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Radwinter Village History Update
We live in interesting times. Firstly, the reredos (altarpiece) has returned to Radwinter Church following its rejuvenation at the workshops of Plowden & Smith, the Queen’s conservators. It will be officially received into the church on Friends Day, which has been rescheduled to Sunday, 21st September.
Dr. Jeremy Sheehy, Principal of St. Stephan’s House, Oxford, will be the visiting speaker. To mark the return, a publication is being produced on the history, description and conservation of the reredos and should be ready for sale on Friends Day. The reredos, which is now revealed as a stunning woodcarving of international importance, is also featured in the Friends’ newsletter, re-introduced after a gap of several years.
The major task now facing the village history archives is the recording and indexing of all the documents and artifacts that have accumulated over the years, so that they can be made accessible to everybody once they are housed in the archive centre under construction in the village hall.
The Radwinter Archives hold the Parish Council minutes beginning with the Council’s inception in 1894. There is also a near-complete run of the parish magazines from January 1881, when it appeared as the Ashdon, Radwinter and Wimbish Parochial Magazine, up to the present-day Ambo. Both of these need to be indexed, which means reading through them noting events and peoples’ names etc. There is one modern exception to the complete run and that is the Spring 2002 edition of Ambo, which fell between two village history recorders. If any reader has a copy that they are willing to donate (or let us photocopy) it would be greatly appreciated.
Radwinter is at the center of a new project for the development of a database to record all the similar records and artifacts held in Uttlesford villages. We hope to apply for funds to develop the database and make it available on-line through the worldwide web. Local researchers and others would then be able to search a particular village, or across the whole region, say, for evidence of Roman occupation or the existence of village pounds. Although anybody could gain access free of charge, only authorized people from each village would be able to update their own village’s records. People without access to the web would still be able to ask their village history recorder or gain access at Saffron Walden Library. Discussions are taking place between the Radwinter History recorder, the Uttlesford area history coordinator and a computer expert living in Ashton who has already developed an easy-to-use database for the Chrishall Museum. More news as the Uttlesford database develops.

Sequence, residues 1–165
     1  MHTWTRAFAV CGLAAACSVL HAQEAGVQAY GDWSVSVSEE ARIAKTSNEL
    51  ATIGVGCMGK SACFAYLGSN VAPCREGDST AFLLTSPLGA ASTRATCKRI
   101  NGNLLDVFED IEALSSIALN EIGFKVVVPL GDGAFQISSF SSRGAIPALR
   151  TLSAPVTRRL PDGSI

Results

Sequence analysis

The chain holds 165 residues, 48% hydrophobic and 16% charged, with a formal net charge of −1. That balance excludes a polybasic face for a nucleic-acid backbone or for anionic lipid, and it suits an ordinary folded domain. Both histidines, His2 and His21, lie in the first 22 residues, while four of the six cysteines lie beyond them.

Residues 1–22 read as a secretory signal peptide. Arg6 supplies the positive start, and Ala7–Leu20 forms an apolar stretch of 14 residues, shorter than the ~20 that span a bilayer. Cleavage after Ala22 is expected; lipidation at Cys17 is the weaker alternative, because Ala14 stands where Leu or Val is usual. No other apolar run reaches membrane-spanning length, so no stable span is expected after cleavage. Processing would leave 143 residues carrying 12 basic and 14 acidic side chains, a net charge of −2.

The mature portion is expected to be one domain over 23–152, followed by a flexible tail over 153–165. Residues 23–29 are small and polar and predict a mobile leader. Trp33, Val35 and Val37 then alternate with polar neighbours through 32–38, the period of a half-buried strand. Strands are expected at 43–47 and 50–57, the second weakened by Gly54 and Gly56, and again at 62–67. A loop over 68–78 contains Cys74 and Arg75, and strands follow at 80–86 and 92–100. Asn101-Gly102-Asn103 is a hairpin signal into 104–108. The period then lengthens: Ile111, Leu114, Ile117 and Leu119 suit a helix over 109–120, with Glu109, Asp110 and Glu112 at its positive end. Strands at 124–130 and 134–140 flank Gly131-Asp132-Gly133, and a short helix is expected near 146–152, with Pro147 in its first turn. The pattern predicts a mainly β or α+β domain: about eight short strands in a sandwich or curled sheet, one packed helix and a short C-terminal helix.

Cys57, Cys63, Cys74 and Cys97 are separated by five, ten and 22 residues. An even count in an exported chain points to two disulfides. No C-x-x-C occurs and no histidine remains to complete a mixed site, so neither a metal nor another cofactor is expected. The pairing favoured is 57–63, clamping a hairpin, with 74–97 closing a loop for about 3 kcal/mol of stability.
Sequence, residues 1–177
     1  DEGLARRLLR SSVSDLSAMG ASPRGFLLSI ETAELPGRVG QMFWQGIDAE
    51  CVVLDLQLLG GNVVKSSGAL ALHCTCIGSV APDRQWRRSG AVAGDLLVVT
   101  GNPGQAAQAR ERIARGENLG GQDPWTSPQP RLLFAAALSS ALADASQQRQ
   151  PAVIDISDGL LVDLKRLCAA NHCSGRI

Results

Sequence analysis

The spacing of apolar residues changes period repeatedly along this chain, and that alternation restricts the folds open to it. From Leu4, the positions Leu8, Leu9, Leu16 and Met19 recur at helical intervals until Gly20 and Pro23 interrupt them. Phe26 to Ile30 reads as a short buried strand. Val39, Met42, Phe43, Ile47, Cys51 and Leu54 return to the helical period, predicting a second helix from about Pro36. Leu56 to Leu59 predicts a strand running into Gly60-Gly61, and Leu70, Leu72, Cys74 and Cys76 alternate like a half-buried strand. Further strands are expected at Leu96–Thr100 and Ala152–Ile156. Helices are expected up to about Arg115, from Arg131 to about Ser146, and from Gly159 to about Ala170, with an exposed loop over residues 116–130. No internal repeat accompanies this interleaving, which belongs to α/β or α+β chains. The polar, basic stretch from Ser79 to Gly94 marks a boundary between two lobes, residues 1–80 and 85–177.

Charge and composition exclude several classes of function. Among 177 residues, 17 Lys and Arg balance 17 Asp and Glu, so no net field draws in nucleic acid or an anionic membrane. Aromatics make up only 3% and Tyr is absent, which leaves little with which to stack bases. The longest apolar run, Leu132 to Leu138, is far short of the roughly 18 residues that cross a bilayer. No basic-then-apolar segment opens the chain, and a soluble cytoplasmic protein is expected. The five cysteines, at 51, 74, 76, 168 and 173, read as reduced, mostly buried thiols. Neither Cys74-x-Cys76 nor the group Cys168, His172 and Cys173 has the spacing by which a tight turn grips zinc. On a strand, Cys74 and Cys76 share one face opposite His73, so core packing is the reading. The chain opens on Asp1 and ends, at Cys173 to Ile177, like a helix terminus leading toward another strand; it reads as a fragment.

Once recording begins, volunteers will be needed for a variety of tasks ranging from sorting the records to indexing. The first task will be to take the records from the pile and place them in marked folders or boxes so that we will know exactly where to find them. The volunteers will be able to work at their own pace, often at home. Training can be given, so that no one need be daunted by the task. We need people, too, who are on top of what’s going on in Radwinter and who can tip off the history recorder if there is an event at in the village or something happens that ought to be recorded. It will all be history one day. We also need to record more recollections of what happened in the old days. Volunteers please contact Michaels Southgate on 01799 599478. You won’t be pressurised to do more than you feel you can cope with.
We have a wonderful collection of historical material in Radwinter but currently, because we don’t know what each record contains or where it in the pile, the collection is almost unusable. With a proper database, we should only have to sort through the pile once. In that way we won’t spoil the records by overuse and inexpert handling and we will save ourselves a great deal of time in the long run. We have a great opportunity increasing our knowledge of Radwinter and leaving a fine heritage to future generations.
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